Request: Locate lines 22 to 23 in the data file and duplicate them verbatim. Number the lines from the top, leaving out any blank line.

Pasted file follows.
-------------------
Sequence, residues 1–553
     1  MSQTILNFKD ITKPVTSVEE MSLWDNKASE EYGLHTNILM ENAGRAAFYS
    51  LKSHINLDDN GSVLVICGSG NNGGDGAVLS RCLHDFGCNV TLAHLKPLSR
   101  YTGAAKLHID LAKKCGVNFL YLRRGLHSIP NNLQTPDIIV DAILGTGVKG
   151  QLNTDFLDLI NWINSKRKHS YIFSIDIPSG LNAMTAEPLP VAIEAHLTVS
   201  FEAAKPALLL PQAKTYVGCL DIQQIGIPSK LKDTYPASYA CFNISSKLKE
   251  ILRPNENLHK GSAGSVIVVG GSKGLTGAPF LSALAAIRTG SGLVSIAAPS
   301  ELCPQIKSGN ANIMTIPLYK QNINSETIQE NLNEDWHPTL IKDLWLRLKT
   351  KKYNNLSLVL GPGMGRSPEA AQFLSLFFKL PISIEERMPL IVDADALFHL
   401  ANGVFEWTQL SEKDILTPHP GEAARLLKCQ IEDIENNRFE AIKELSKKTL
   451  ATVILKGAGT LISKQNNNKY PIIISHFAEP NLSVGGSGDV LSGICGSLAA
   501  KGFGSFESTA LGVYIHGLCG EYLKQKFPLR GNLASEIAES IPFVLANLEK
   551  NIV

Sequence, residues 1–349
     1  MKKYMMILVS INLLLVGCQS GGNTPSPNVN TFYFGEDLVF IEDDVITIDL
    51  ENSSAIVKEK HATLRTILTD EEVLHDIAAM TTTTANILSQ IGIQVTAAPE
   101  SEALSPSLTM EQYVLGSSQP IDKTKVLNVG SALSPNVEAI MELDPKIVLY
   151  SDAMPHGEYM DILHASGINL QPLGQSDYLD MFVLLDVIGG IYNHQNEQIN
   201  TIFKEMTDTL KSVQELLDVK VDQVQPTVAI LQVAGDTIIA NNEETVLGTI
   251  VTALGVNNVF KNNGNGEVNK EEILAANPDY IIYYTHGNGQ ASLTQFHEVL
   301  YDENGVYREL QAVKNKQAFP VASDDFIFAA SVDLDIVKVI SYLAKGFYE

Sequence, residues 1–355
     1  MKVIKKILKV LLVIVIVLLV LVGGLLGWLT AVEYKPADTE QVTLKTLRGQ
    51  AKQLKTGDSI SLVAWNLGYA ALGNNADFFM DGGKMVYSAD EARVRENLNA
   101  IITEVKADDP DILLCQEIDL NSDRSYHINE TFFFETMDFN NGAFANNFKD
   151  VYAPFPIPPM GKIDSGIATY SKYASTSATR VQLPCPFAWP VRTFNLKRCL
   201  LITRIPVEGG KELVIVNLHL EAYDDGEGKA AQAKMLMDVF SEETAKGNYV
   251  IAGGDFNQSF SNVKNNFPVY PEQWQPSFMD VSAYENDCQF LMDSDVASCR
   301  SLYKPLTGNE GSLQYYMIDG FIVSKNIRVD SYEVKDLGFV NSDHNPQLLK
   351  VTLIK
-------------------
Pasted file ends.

Sequence, residues 1–355
     1  MKVIKKILKV LLVIVIVLLV LVGGLLGWLT AVEYKPADTE QVTLKTLRGQ